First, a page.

I confess in this analysis to having been influenced long ago by Hans Kelsen and his theory of the grundnorm.  Kelsen said that to understand a legal system you have to find the basic norm or rule by which the making of laws is determined.  You do not need to know the source of that basic rule — that is, whether it was an act of God or of man.  All you need to know is that it works.  Normally, any law or any constitution adopted in accordance with that basic rule or grundnorm is legitimate, but only if the total legal system is effective.  If it ceases to be effective — that is, if it is no longer recognized or accepted by the people it is to govern — then mere formal legal legitimacy will not save it, and it is likely to be replaced by another system that is generally acceptable and therefore effective.  In other words, political legitimacy is essential; legal legitimacy is desirable but not necessary.  Or put another way, nothing succeeds like success.  The only really good constitution is a constitution that works.1  Unlike many legal philosophers, Hans Kelsen has been widely cited in the courts, particularly in countries of the Commonwealth where judges have had to cope with coups d’état, revolutions, and other legal discontinuities in government.  As you can imagine, he has been a great comfort to the judicial mind when faced with the need to recognize new governments which enjoy some political legitimacy but lack legal legitimacy.

Therefore, you can have a perfectly respectable constitution even though it is not legally legitimate.  Two examples will illustrate the point.  First, the British constitution and the monarchy.  At the risk of accusations of treason, I could argue that in point of law our true monarch is some obscure descendant of the Jacobite Stuarts.  If you go back to the Glorious Revolution of 1688, when James II left the country and the English put on the throne William and Mary of the House of Orange, it was not at all according to the rules.  If it had happened in 1980, all ten Canadian provinces would have taken references on the subject to their courts of appeal!  The fact is that a change in succession to the throne was authorized by a Parliament which was not summoned in accordance with the preexisting rules and whose decision was not given royal assent because there was no sovereign on the throne to give assent.  But it worked.  Starting with this illegitimate origin, the British Parliament has governed the succession to the Throne ever since.  Nothing succeeds like success, and who would today challenge the political legitimacy of the British Constitution? 2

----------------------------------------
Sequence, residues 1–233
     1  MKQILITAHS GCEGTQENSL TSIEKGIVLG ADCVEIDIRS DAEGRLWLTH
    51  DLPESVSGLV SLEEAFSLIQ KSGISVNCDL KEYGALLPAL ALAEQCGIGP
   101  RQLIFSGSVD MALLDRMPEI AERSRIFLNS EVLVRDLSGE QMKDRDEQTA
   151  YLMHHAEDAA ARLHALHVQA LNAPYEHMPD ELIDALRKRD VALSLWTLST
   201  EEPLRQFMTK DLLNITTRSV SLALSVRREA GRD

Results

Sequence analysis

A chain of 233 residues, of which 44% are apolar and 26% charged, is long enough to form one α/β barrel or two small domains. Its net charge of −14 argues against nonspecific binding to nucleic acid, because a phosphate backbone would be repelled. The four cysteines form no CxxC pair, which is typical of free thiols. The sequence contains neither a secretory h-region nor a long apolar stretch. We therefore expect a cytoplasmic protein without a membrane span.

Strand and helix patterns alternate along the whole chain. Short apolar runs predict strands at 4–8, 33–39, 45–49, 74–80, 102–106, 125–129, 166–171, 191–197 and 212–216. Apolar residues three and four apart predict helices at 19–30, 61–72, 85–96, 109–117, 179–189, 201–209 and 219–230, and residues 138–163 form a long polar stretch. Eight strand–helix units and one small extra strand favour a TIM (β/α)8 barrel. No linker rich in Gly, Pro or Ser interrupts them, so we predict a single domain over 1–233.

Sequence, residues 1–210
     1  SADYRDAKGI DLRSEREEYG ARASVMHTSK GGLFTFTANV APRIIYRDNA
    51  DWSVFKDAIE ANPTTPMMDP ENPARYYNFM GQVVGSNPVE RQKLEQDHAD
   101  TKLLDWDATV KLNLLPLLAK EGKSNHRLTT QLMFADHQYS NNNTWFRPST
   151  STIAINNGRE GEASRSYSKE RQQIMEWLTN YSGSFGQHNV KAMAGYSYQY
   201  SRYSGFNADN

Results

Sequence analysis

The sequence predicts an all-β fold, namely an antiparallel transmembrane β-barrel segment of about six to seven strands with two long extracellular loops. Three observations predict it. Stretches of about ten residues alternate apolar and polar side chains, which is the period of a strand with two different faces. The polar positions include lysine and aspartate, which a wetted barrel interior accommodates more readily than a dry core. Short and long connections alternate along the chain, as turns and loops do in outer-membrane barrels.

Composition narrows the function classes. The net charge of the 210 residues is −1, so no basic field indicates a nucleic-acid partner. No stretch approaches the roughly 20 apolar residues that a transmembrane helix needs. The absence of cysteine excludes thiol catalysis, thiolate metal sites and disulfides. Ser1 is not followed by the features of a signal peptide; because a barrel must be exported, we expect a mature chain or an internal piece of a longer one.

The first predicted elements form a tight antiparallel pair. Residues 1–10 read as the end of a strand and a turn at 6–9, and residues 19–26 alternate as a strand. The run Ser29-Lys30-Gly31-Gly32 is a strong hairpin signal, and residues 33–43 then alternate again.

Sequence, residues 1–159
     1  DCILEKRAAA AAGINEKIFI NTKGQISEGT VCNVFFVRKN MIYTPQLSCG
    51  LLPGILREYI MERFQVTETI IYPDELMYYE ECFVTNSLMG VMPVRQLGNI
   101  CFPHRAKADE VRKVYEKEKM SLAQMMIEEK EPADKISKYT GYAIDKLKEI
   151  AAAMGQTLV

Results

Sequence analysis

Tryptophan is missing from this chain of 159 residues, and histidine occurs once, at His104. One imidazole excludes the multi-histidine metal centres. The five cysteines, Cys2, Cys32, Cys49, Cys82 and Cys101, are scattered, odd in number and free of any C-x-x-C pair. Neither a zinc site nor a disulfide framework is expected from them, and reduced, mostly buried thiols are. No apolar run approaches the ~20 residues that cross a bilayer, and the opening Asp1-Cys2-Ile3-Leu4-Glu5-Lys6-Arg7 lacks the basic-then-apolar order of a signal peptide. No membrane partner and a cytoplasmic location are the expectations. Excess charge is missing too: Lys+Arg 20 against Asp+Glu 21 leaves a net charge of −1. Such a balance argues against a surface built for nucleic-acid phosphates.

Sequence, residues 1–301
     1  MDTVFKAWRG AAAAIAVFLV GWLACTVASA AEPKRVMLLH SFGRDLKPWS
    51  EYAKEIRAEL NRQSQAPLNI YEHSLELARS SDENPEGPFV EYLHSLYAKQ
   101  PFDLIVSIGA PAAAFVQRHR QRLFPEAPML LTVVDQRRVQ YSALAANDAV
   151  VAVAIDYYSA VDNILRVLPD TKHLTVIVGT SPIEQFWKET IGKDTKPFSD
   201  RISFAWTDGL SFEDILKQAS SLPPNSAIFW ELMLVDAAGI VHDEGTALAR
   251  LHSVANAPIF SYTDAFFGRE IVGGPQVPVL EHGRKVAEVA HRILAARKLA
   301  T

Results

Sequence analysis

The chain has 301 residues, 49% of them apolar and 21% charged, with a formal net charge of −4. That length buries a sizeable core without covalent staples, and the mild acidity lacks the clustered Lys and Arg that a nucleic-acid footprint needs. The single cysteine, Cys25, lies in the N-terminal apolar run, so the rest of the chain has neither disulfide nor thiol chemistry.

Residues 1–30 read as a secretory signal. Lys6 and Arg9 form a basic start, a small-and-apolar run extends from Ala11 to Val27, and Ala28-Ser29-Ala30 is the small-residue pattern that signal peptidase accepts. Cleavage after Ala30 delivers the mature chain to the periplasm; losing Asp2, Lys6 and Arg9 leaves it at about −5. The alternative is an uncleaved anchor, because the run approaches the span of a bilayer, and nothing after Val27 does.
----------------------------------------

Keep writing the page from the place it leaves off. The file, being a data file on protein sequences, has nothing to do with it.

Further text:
Secondly, consider the American Constitution.  What constitution is more eminently respectable today, more hallowed by the people it governs?  But legally, it carries the bar sinister.  It is from the wrong side of the
1. See. e.g., Kelsen, General Theory of State and Law (1945) at 115-23.
2. See Maitland, Constitutional History of England (1908) 281-88; Taswell-Langmead, English Constitutional History (Plucknett, ed. 10th ed. 1949) 491-521.

  »  3-4